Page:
Public Sector Corruption in Egypt: Recent Developments at a Glance
In the five or so years following the Arab Spring, a number of countries in the Middle East have been through many changes, which have pushed their leaders to attempt to gain the trust of their people, control corruption and improve the econoamic environment. The recent drop in oil prices has further complicated matters. In this article, we look at the perceived levels of corruption in Egypt and highlight some recent developments in the Egyptian government’s fight against corruption.
The perception of corruption
Based on the Transparency International Global Corruption Barometer 2016 (“Survey”), 61% of the citizens in the Middle East and North Africa perceived an increase in corruption during 2015.
However, the Transparency International Corruption Perceptions Index (“CPI”) 2015 has assessed 168 countries in order to measure the perceived levels of public sector corruption worldwide. Accordingly, Egypt’s score is 36 on a scale of 0 (perceived as highly corrupt) to 100 (perceived as very clean) which determines Egypt’s ranking as 88th out of 168 countries.
Corruption in the public sector takes several forms. According to the Survey, 50% of the Egyptian public service users paid bribes during 2015 in order to have a service carried out although they were legally entitled to receive the service (e.g. health services). Payments for this type of corruption are often known as facilitation payments or grease payments.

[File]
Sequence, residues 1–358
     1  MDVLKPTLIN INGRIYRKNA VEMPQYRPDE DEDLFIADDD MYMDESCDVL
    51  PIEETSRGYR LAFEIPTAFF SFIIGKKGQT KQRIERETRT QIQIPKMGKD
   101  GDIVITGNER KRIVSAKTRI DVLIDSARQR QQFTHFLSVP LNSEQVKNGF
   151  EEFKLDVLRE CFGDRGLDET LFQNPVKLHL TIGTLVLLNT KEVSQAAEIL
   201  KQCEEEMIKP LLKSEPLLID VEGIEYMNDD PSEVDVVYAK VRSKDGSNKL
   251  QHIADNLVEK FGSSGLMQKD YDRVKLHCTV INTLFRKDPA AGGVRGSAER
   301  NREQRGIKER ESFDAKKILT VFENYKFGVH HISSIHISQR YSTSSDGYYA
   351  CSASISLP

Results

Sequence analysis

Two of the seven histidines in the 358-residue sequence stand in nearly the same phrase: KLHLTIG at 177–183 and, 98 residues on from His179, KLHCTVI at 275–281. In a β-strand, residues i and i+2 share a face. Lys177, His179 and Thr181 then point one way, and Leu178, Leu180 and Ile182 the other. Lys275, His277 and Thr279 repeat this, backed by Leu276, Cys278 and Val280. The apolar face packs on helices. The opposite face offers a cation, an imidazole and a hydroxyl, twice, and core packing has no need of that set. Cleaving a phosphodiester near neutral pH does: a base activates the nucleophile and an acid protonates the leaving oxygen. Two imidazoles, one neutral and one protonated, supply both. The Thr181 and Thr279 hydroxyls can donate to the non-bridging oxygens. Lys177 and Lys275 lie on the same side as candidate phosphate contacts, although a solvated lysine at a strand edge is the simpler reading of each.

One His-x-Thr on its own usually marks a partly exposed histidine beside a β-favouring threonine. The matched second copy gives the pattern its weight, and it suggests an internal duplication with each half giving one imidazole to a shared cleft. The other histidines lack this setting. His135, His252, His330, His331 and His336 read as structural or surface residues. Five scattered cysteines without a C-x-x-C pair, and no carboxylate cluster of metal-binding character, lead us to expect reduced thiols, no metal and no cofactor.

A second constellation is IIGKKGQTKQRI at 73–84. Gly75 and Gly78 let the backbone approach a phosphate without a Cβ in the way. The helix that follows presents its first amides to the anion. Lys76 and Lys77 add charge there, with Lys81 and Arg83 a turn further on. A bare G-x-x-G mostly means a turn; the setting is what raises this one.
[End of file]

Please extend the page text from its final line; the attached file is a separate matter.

The following points shed some light on recent developments that demonstrate Egypt’s appetite to reach a zero tolerance policy regarding corruption.
Conviction of former Agriculture Minister
Grand corruption may exist in Egypt in the form of abuse of power and bribery at the level of high governmental officials abusing their positions in order to grant permits or to secure contracts with governmental entities. As an example of this, the former Agriculture Minister, Salah Helal, was arrested in September 2015 on corruption charges which were followed by the resignation of the entire Council of Ministers. In April 2016, Mr. Helal was sentenced to ten years’ imprisonment and a fine of EGP1 million (approximately US$112,630).
New Civil Service Law